COACH JOE COBUCCI
Coach Joe is a beloved member of the Team Challenge staff and has been a member of the Team Challenge family since joining as a participant for the Virginia Half marathon in 2010. Since that race he has progressively become more passionate and involved with the organization by returning as a mentor for the Las Vegas 2010, Virginia 2011, Napa 2011, Virginia 2012, Napa 2012 races. For the Nashville 2012 race season he joined the coaching staff as a coach for Nashville/Las Vegas 2012 events. Joe is a certified Team Challenge coach. He's raced in 28 half marathons and one full marathon. Joe's coaching motivation comes from meeting participants for the first time, hearing them say they can't run 13 miles and then watching those same people crossing the finish line happy and healthy with a smile on their faces. Joe has a special connection with those participants that live with IBD as Joe himself has been living with Crohn's for many years.
COACH RETT MCBRIDE
Coach Rett is the newest member of our Team Challenge coaching team. Rett brings 15 years of running experience. In that time, he has finished a marathon (LA, 2006) and participated in more than 15 half-marathons, oodles of 10Ks and gobs of 5Ks. This spring, Rett has numerous races on his calendar including the Atlanta Half Marathon. Rett has many years of experience as a teacher. He is an Instructor of Mathematics at Oglethorpe University and Georgia Perimeter College. In the classroom, Rett has a patient, easy-going style, that puts anxious math students at ease. He motivates students and promotes self-confidence with steady encouragement. As a Team Challenge coach, Rett hopes to utilize his skills as a teacher while sharing his enjoyment of running.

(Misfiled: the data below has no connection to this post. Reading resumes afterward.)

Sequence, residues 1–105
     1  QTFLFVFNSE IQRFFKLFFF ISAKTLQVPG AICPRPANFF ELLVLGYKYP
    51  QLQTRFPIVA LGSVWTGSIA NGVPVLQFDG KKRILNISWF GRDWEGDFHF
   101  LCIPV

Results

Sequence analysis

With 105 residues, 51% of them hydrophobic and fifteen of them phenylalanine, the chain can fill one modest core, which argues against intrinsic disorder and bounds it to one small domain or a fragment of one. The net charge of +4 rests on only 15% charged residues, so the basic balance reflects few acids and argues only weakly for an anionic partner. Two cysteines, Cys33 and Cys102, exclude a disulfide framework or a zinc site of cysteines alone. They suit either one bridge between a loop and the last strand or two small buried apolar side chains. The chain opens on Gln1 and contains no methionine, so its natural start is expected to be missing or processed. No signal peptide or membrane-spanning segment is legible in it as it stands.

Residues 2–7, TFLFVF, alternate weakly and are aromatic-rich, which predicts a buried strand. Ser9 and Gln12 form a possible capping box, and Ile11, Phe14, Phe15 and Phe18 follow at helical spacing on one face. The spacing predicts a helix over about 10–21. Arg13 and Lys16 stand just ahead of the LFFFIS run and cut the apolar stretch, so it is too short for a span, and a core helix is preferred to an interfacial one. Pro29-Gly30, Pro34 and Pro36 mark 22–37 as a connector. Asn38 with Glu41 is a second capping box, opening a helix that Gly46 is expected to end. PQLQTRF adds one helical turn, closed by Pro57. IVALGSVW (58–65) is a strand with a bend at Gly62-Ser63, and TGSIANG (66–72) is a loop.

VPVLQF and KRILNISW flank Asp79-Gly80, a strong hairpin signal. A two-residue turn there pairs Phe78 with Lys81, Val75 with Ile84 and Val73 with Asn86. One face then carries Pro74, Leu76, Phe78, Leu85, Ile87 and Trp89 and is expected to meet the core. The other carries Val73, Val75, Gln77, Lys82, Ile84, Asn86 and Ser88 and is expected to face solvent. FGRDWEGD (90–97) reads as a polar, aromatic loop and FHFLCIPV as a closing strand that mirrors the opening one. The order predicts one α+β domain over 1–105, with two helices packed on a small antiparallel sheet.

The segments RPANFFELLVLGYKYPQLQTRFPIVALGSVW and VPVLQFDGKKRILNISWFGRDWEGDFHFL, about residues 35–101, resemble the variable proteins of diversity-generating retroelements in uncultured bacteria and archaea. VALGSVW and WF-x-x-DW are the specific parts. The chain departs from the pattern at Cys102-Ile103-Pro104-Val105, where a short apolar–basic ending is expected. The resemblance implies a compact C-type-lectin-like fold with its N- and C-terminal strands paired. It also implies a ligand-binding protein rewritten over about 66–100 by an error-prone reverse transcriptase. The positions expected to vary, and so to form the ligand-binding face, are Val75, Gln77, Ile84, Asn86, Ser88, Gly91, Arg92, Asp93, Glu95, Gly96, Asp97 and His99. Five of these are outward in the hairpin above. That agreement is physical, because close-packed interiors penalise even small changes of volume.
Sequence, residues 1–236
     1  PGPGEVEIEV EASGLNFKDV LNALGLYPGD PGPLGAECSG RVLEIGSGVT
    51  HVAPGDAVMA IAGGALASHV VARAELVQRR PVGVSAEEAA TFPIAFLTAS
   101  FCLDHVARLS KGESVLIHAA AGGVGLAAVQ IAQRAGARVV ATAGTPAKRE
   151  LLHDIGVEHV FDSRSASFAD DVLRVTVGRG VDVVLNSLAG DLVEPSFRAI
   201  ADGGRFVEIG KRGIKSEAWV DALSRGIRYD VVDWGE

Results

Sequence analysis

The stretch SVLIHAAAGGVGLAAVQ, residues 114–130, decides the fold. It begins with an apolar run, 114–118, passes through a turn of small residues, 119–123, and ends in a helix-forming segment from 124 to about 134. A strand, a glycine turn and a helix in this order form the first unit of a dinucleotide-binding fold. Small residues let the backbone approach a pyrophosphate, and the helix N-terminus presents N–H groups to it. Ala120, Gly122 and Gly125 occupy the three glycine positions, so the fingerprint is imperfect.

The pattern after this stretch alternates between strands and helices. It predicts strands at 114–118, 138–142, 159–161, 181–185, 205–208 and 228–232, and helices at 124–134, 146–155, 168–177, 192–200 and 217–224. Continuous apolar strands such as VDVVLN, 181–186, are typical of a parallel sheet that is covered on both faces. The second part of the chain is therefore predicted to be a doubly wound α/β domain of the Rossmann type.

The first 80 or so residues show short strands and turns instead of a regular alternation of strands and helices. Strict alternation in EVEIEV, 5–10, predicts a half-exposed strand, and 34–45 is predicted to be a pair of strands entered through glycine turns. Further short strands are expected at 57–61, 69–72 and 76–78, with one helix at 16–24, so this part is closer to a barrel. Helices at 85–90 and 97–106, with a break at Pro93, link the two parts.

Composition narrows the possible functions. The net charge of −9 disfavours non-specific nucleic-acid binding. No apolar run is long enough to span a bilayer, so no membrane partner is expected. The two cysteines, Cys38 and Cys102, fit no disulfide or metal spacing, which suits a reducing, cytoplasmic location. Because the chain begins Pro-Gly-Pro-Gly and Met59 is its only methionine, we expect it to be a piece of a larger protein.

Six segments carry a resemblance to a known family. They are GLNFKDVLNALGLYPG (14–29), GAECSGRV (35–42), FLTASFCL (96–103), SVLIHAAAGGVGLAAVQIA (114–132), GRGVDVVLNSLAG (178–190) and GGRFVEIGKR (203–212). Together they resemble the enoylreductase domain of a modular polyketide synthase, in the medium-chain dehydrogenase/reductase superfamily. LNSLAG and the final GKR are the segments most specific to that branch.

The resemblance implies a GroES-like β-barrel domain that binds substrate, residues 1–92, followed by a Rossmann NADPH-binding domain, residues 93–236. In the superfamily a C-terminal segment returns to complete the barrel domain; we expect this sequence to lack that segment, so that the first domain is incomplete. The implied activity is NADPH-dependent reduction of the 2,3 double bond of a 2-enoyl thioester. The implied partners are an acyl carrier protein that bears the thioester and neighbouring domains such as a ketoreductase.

With the Rock ‘n’ Roll Las Vegas Half Marathon fast approaching, for runners eager to get into the thick of night time racing, here are 4 tips to help you prepare to take on the night:
Q: I’m not currently running or walking more than a mile or two at a time a few days per week. How will I be able to finish a half-marathon?
A: Your coach will design a program for you based on your current level of fitness, whatever it may be. You’ll gradually build your mileage over the course of the coming months until you can walk or run (or with a combination of walking and running) a ten-mile workout. From there, well over 99% of our participants complete their half-marathons.
Q: What kind of shoes do I need?
A: Everyone has different feet and biomechanics. The staff at your local running/walking specialty store will be able to fit you for these needs, as well as your mileage level, and the surfaces on which you train. To find a local specialty store, head to www.runnersworld.com/store-finder
Q: What’s a “GU”?!
A: “Gu” and other sports gels (PowerGels, Cliff Shots, Hammer Gels, etc.) are concentrated forms of carbohydrate about the consistency of honey. They are an alternative to sports drinks and are designed to provide athletes with energy for endurance activities. Each gel contains about 100- 110 of concentrated carbohydrate. Many half-marathons will provide gels in the later stages (around mile 10) to give runners and walkers an energy boost for the last few miles. Although they are generally pretty easy on the stomach, especially when taken with water, it’s always a good idea to try gels several times in training first before using them on race day.
Q: I had to miss three days of training. How do I make up the lost days?
A: You don’t! If you’ve missed anything less than a full week of training, just jump right back into the schedule. If you missed more than a week, talk to your coach about modifying your schedule to get you back on track.
Q: My fingers swell during my training walks. What’s going on?
A: Your heart beats harder and faster when you train, so blood is sent more forcefully to the extremities. Muscle action helps to return blood back to the heart, but many walkers don’t pump their arms very much when they walk (they should!), so blood pools in the fingers. Swollen fingers are more common with changes in temperature, during pregnancy, and when electrolytes are out of whack. Clenching and unclenching your hands, or shaking them over your head will help to pump the blood out of your swollen fingers.